If you are a Hashimoto’s patient with gas, bloating, diarrhea, constipation, or IBS, you may have SIBO: small intestinal bacterial overgrowth. Unfortunately, mainstream doctors have long blamed stubborn gut problems on stress alone.  For the person whose life is dictated by the cruel whims of their digestive system, however, this answer can feel like shame and blame.

Thanks to new research, we now know that many things cause gut problems. They include food sensitivities (especially to gluten and dairy), leaky gut, gut inflammation, autoimmunity, poor brain function, and SIBO. These are the same factors tied to Hashimoto’s hypothyroidism and managing them is important for both gut and thyroid health.

At Carolinas Thyroid Institute, our goal is to help patients reduce inflammation, identify food sensitivities, heal leaky gut syndrome, and identify the causes of SIBO.  For a free, 15-minute phone consultation to discuss your particular problem with me, Dr. Steven Roach, see our Contact Us page or call (704) 853-8000.

A problem with migrating bacteria

SIBO results from too much bacteria that belong in the large intestine migrating into the small intestine. When these bacteria consume sugars and carbohydrates, they produce large amounts of gas that causes not only bloating, belching, and flatulence, but also constipation or diarrhea (depending on the type of gas produced).

These bacteria also inflame and damage the lining of the intestinal tract, causing leaky gut. Leaky gut allows undigested foods, bacteria, yeast, and other antigens into the bloodstream, triggering inflammation, Hashimoto’s hypothyroidism, and chronic disease.

Many different lab tests, stringent dietary strategies (managing SIBO often requires a diet that restricts most everything but meats and a limited variety vegetables), and treatment protocols exist to treat SIBO, and sometimes it’s a matter of trial and error to land on an approach that works.

What causes SIBO?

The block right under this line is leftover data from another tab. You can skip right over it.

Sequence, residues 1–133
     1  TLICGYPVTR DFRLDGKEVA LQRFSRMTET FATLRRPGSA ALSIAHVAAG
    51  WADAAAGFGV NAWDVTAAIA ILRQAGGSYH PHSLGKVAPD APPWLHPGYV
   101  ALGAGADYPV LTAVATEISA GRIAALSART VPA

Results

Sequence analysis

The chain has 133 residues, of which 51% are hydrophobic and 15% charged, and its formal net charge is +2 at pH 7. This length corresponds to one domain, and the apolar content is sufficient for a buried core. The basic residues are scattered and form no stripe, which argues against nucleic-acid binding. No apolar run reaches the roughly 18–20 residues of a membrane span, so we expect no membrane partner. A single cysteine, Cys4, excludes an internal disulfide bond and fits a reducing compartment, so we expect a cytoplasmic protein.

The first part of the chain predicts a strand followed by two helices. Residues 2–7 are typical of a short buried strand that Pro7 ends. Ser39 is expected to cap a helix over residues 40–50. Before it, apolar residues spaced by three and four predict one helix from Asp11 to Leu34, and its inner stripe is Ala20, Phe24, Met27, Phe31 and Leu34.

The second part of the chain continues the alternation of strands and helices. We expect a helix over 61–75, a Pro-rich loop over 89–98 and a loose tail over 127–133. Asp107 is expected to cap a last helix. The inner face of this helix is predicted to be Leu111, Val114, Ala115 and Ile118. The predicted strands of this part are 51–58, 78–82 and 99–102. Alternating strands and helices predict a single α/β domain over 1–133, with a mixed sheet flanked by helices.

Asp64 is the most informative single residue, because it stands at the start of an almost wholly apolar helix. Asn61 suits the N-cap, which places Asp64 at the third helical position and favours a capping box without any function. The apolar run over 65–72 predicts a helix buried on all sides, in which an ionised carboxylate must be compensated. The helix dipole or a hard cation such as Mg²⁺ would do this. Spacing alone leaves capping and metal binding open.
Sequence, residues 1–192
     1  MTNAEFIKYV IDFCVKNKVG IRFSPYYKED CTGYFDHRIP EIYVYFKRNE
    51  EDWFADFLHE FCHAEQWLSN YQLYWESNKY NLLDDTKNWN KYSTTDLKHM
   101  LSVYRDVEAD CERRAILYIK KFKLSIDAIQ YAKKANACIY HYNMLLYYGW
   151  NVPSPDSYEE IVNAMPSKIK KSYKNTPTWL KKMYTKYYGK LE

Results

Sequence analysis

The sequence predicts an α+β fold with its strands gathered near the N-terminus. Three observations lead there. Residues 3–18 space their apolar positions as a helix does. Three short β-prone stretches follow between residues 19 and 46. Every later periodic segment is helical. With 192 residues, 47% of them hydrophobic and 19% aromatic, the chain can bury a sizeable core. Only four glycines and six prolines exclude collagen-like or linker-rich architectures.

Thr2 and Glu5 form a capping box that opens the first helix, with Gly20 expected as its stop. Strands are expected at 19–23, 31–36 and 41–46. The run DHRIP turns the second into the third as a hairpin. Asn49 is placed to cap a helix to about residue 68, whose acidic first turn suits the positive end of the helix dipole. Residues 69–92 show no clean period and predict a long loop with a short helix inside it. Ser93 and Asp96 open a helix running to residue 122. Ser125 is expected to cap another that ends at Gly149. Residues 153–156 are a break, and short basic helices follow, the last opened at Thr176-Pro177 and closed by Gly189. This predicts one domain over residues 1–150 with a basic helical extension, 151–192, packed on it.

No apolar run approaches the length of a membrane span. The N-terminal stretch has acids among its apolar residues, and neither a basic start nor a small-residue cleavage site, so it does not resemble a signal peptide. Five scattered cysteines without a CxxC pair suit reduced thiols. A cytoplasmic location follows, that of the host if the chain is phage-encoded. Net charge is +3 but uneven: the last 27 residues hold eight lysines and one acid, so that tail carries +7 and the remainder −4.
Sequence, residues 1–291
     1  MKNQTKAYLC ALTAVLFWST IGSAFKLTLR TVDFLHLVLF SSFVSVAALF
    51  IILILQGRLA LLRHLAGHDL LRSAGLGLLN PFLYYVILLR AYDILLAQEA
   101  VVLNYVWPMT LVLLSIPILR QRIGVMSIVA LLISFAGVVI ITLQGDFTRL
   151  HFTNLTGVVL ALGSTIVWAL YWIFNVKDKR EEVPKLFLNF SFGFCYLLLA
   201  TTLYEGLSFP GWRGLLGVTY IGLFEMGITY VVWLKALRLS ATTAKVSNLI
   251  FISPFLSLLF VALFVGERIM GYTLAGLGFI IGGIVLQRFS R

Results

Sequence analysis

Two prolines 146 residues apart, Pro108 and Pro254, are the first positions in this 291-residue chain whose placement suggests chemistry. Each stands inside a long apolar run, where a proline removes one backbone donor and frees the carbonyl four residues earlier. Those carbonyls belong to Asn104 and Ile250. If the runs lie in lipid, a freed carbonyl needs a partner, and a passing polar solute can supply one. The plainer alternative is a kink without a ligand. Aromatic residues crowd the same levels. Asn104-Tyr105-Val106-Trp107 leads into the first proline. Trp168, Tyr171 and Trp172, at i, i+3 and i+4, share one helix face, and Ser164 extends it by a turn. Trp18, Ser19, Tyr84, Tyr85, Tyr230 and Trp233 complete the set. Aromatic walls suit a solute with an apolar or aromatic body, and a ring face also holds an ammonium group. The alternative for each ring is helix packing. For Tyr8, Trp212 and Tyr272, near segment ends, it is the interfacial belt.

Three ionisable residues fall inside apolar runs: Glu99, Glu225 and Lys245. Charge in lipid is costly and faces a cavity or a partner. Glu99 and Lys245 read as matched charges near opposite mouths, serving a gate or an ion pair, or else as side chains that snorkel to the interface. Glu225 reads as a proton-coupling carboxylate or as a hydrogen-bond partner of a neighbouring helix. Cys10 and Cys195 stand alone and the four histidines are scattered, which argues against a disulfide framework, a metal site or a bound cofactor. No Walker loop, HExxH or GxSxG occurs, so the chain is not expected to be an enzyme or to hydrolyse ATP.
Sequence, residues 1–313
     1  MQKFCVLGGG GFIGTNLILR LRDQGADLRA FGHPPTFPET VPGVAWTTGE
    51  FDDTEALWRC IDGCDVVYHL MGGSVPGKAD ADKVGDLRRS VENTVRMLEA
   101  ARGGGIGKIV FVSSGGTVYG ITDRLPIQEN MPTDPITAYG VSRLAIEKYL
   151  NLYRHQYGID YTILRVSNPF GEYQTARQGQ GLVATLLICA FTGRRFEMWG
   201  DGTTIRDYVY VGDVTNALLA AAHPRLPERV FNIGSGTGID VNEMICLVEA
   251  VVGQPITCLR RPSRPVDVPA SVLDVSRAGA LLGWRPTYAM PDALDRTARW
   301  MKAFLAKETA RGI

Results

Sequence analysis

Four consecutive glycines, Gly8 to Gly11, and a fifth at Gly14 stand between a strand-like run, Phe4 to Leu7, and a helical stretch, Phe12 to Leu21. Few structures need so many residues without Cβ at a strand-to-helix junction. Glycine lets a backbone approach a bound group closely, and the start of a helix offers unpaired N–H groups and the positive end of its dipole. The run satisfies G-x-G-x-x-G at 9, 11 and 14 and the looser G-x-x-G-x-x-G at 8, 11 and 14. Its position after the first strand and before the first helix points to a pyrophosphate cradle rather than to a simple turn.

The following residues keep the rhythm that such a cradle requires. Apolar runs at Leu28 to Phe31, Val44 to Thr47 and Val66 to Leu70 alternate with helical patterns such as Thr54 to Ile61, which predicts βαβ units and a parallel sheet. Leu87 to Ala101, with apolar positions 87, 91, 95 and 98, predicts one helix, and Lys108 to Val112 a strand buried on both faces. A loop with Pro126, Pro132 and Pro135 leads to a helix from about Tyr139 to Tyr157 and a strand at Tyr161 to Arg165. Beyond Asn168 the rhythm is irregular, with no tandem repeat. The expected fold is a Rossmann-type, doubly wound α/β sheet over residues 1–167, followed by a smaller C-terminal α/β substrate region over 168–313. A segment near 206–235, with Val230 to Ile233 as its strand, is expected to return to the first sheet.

To avoid a relapse, it’s important to ask why someone has SIBO in the first place. Causes include the following:

  • Food poisoning
  • Poor diet and excess sugar
  • Low stomach acid
  • Repeated antibiotic use
  • Chronic stress
  • Problems with brain function or health
  • Poor gut function due to unmanaged Hashimoto’s hypothyroidism

SIBO and brain dysfunction

Brain function is one of the most overlooked and unaddressed causes of SIBO. The digestive system maintains close communication with the brain. Poor brain function leads to poor gut function (this explains why people often suffer from gut problems after a head injury). Digestive juices and hormones are not sufficiently released, motility slows so that food sits longer in the intestines, giving rise to bacterial overgrowth, and the valve between the small and large intestine does not stay shut, allowing bacteria from the colon to escape into the small intestine where it does not belong. All of these are examples of how poor brain function leads to SIBO.

This explains how childhood brain development disorders, brain injuries, brain inflammation, brain degeneration, and brain aging all contribute to SIBO. People with unmanaged Hashimoto’s hypothyroidism are susceptible to accelerated brain degeneration and the digestive consequences of that, leading to SIBO. Low thyroid function itself also contributes to sluggish digestive function, which raises the risk for SIBO.

The elderly are especially vulnerable to malnutrition caused by SIBO, as are the increasing numbers of children born with autism and other brain development disorders. Fortunately, you can improve gut function through simple exercises that help tone the digestive system and prevent relapses of SIBO.

Managing SIBO does not have a one-size-fits-all solution, and there are various ways to approach it that include both nutraceutical and/or pharmaceutical approaches. Diet is always an important strategy. For more information about managing SIBO and Hashimoto’s hypothyroidism, contact my office, through the Contact Us page or by calling (704) 853-8000.